At this point, South Africa has less than 70 confirmed cases of Covid-19, so it’s a week or so behind the US, which is a week or so behind Europe. But the government has announced some pretty severe travel restrictions, so that should help slow the spread. There are still some things we are trying to get confirmation on (cancelation of visas, etc). On the bright side of things, South Africa seems to be always prepared for some sort of crisis. Most recently it’s been electricity shortages, water shortages, etc. South Africa has been able to somehow navigate those, so I’m hopeful the nation will be able to navigate Covid-19 as well.
My main concern at this point is all the folks living in the townships/informal settlements. They already have little to no sanitation, social distancing is not an option for them due to proximity, and access to healthcare is limited at best. In all likelihood, once the virus gets in there a lot of people will become sick and likely die.
P has been ordered to work from home for the next few weeks. We are stockpiling food so that we won’t have to go out when things get bad. But this does make me miss our American sized fridge and stocked pantry. We have made plans to combine resources and shelter in place with friends if it gets really bad. And in the event all-out anarchy happens, P’s employer will evacuate us. So, we are very much taking a plan for the worst, hope for the best approach to this. I guess reading “The Stand” and watching “The Walking Dead” did teach me a few things.
I’m more concerned for our friends and family in The States at this point. Thankfully most folks are taking this seriously and doing all they can to prepare. At this point none of my family and friends have been diagnosed with the virus that I know of, so that’s a relief.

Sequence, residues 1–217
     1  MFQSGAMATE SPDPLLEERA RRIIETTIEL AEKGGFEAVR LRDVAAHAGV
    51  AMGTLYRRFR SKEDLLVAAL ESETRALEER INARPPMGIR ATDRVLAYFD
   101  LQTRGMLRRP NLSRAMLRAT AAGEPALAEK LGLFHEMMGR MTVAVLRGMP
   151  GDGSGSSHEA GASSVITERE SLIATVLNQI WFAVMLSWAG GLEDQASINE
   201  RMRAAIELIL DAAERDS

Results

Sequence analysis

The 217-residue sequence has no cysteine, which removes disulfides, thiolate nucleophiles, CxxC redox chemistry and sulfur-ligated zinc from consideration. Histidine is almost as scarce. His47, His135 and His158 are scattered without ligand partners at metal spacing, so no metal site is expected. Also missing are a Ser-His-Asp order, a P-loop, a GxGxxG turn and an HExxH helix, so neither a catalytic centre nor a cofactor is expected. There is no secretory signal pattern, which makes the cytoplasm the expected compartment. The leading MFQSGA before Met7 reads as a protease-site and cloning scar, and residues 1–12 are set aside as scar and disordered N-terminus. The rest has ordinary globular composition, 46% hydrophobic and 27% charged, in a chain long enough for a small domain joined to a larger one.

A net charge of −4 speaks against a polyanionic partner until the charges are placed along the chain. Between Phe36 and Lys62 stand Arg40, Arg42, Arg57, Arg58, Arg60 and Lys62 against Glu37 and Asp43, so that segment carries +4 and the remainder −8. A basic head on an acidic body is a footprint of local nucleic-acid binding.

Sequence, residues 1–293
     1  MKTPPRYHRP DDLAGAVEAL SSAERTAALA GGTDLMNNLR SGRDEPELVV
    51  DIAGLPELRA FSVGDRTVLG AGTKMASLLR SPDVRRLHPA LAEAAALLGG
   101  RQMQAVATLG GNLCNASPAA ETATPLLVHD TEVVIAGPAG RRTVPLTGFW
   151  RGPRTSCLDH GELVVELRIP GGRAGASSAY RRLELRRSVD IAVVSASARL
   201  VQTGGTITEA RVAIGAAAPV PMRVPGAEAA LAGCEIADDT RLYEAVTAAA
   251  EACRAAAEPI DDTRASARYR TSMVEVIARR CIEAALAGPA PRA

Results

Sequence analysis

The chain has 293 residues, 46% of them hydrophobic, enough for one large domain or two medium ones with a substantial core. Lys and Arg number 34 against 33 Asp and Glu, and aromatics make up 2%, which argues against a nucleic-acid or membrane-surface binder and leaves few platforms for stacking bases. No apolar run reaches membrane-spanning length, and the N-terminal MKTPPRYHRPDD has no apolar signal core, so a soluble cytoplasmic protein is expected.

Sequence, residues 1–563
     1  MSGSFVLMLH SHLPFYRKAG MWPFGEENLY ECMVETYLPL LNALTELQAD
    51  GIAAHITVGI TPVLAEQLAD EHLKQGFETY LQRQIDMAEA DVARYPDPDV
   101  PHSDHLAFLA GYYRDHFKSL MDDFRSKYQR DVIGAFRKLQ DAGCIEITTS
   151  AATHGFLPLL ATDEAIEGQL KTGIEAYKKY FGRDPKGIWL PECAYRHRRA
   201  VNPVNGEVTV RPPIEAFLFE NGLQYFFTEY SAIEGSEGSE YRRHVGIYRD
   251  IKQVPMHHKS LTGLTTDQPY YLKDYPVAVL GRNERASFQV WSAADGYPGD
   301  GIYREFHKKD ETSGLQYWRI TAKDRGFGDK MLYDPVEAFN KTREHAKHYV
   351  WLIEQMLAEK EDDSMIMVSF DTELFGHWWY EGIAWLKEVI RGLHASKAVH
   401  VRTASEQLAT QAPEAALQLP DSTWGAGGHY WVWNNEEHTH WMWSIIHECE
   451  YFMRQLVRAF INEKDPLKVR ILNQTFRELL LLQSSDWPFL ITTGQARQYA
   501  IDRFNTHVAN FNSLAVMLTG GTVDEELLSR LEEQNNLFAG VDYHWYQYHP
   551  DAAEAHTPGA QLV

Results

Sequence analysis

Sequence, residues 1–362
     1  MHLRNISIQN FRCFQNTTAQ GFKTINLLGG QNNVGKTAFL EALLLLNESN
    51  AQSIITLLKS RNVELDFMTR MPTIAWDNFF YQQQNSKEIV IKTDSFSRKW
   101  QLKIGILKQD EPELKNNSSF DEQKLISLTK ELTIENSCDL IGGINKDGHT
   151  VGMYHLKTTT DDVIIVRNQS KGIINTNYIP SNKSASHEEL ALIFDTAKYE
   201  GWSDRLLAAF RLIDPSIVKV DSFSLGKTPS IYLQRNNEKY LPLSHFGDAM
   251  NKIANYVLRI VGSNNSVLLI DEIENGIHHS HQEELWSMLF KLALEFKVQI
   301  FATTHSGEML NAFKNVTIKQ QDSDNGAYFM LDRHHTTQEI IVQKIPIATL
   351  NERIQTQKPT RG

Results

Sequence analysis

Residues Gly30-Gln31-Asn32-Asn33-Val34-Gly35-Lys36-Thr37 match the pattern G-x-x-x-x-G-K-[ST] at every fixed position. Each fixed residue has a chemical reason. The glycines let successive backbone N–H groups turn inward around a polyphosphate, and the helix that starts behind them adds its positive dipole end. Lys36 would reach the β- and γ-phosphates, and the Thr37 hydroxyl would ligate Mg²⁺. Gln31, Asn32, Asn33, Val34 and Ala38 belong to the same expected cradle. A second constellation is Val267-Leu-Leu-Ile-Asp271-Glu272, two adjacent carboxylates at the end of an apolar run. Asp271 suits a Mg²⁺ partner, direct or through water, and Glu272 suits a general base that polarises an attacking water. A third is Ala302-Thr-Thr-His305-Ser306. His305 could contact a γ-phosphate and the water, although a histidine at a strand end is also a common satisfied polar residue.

Please check in on your loved ones to ensure they are ok.
Last weekend we took a trip to a national park on the west coast with some friends. Even though it was close to Cape Town it was a park we hadn’t been to yet. The wildflowers were in certainly in bloom. Unfortunately, it was partially overcast and some of the flowers closed up early, I guess that’s a thing. After driving around for a bit we hit the restaurant. The food while not gourmet, was decent. The highlight of this was sharing the frosting from carrot cake with some birds.
During the few weeks that the flowers are in high bloom, a neighboring private property opens to the public. Head over to our instagram page for more pictures.
I can’t think of any other place on Earth that has as much breathtaking natural beauty near a major city as Cape Town. From Table Mountain to the Sea, to the parks, it’s truly astonishing. For as much as Cape Town and South Africa have going for them, it’s a shame that they continue to shoot themselves in the foot with violence and corruption.
In preparation for the upcoming Safari, I’ve been busy updating the site to version 2.0. It should look pretty similar, but be smoother and faster. If you notice any issues I may have missed in my testing please let me know.
So, this post is a little late… but guess what? We’ve moved!!!
We are now in a quieter and less touristy neighborhood. We are still pretty close to the CBD (Central Business District). In fact, we have some pretty cool views of the city from here.
The new home is overall a vast improvement over the previous place. I think a key piece of that is that the new place is only 5 or 6 years old. The owners have constructed a home that has won awards for how earth friendly it is.
The water is from a “borehole” (aka a well) and is filtered and treated several times before it hits the faucets. The owner has had the water tested a few times and proudly let us know that the testing agency accused him of bringing in spring water. I will say that the water tastes pretty great.